Holy Cross hiking price of power in the valley
Ryan Summerlin June 2, 2011
GLENWOOD SPRINGS – Holy Cross Energy is boosting its electricity rates by about 5.5 percent for its average residential customers and 6.1 percent for commercial customers on July 1.
This is the company’s first increase in the base rate of its power in six years, and it will be only the second increase since 1991. Nevertheless, the hike comes at a time when many of its customers are still struggling to bounce back from the recession.
Holy Cross itself is experiencing a hangover from the recession, said CEO Del Worley.
“We’ve seen very little growth in the last three years,” Worley said. “We really have not hit our 2008 levels. Granted, 2008 was a very cold year and a high mark” for energy use.
Still, Worley said, no growth is unusual. Holy Cross has historically logged some growth year to year. That changed in 2010. The utility lost more customers than it gained, Worley said.
“The recession really has hit this area from an economic standpoint, at least from Holy Cross’ perspective,” he said.
In a recent newsletter to members of the cooperative, Worley cited increasing costs of providing service as another reason for increasing base rates. Holy Cross, headquartered in Glenwood Springs, doesn’t need to get its rate hikes approved by the Colorado Public Utilities Commission. Its members voted to exempt it from PUC oversight on rates.
The electricity rate hike will hit consumers differently, depending on their usage patterns. In general terms, the rate hike will add $2.75 per month and $33 per year to a household with a $50 monthly electric bill. It would add $5.50 per month and $66 per year to a household with a monthly bill of $100.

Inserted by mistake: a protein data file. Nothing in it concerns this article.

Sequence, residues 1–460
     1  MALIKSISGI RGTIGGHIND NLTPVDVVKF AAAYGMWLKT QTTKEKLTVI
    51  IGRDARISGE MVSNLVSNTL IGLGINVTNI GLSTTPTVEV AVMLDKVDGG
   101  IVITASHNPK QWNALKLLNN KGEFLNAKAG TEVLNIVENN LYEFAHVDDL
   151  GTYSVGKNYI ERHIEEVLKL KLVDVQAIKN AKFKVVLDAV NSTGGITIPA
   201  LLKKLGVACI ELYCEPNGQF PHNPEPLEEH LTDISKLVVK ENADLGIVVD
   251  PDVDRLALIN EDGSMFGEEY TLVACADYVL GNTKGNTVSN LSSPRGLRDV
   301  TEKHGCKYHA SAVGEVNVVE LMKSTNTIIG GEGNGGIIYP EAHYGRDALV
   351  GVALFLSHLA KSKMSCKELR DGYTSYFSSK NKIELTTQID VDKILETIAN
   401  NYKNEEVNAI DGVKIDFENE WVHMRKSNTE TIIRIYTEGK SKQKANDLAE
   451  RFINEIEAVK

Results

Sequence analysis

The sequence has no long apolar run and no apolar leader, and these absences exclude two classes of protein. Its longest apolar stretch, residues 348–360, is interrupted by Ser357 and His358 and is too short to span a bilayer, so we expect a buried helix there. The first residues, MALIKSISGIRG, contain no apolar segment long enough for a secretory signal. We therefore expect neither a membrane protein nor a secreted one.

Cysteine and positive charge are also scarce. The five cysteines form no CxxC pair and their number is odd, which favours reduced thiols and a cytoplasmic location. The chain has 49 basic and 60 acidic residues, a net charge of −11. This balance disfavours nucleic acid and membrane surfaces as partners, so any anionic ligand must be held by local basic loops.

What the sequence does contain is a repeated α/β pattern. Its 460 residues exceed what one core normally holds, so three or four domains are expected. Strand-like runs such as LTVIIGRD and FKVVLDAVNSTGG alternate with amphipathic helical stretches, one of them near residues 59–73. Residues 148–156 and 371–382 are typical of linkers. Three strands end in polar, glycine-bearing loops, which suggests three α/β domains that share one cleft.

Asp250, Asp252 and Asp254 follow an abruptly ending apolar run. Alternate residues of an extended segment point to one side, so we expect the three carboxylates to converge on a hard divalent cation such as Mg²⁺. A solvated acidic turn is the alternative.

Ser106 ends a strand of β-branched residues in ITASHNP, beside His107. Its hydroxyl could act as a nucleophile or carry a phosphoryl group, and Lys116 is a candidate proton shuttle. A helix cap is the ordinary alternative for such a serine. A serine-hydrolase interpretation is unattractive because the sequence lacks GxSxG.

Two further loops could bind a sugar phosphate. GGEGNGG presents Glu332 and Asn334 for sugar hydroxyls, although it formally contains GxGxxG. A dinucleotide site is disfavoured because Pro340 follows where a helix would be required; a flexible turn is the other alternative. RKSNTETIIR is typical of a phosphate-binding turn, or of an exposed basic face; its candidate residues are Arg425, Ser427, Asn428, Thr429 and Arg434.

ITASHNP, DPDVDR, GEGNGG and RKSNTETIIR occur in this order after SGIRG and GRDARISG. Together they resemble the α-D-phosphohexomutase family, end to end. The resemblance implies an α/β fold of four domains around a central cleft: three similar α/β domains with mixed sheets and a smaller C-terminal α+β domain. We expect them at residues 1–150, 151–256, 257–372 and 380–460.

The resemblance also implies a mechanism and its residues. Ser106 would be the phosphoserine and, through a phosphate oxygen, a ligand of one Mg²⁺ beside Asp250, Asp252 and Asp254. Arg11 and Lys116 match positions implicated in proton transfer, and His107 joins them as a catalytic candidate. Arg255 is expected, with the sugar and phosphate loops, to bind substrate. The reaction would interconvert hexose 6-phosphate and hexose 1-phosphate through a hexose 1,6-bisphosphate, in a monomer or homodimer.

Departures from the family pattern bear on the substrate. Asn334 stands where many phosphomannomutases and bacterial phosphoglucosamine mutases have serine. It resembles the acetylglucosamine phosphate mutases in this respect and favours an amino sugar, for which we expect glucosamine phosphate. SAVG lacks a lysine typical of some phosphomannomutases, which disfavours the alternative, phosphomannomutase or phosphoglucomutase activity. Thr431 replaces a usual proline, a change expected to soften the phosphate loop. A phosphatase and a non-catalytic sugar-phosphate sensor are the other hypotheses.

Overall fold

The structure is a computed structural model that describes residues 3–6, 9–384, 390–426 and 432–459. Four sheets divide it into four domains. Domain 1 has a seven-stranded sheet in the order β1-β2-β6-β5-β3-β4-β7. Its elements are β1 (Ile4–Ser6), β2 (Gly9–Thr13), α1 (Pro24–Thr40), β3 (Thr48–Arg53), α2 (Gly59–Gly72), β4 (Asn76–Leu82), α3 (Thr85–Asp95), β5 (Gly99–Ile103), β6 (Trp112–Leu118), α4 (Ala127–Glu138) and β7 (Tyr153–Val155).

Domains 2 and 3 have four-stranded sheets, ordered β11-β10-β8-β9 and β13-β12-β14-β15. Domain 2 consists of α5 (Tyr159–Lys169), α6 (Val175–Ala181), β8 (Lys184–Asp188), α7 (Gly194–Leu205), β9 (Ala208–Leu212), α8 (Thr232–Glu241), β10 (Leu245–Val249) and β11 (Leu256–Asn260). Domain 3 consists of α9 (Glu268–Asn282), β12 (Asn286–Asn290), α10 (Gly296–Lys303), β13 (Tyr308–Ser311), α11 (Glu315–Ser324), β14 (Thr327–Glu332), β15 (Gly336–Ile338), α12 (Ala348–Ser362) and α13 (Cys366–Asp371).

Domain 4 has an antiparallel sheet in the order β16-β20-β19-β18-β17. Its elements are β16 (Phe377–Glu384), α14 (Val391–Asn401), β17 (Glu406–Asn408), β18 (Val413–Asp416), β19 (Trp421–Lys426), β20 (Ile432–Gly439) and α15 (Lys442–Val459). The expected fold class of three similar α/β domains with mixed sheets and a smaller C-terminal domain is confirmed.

Businesses will feel a greater sting because many of them consume more electricity.
“It’s going to have a substantial financial impact on the Aspen Skiing Company,” said Auden Schendler, the Skico’s vice president of sustainability.
The Skico consumes a lot of energy for snowmaking and powering its chairlifts. The amount varies per year, but Schendler said electricity bills are roughly $2.5 million annually. The price hike could increase that bill by hundreds of thousands of dollars, he said.
However, Schendler stressed the Skico and Holy Cross are working cooperatively on rate and demand issues, and that he wasn’t being critical of the rate increases.
Holy Cross Energy was founded in 1939. It remains a member-owned, not-for-profit utility. It serves about 55,000 customers in the Pitkin, Eagle and Garfield counties, including major portions of the Roaring Fork Valley. Part of the Aspen-area is served by Holy Cross but the city also has its own electrical utility.
Holy Cross provides its members with equity checks or credits when its annual revenues exceed its operating expenses. The company made about $1.8 million in member equity distributions in May. The flat sales and increased operating costs are expected to cut into the excess funds. The utility’s use of renewable energy sources wasn’t cited in the newsletter as a contributing factor to the rate increases.
The website for Holy Cross said 63 percent of its power supply mix comes from coal, 25 percent from natural gas and 12 percent from renewables. It is voluntarily shooting to boost its mix of renewables to 20 percent by 2015. However, one of its biggest investments in recent years was in the coal-fired Comanche 3 plant in Pueblo. Holy Cross acquired an 8 percent ownership interest in that plant. It is expected to provide about 33 percent of the power Holy Cross purchases annually.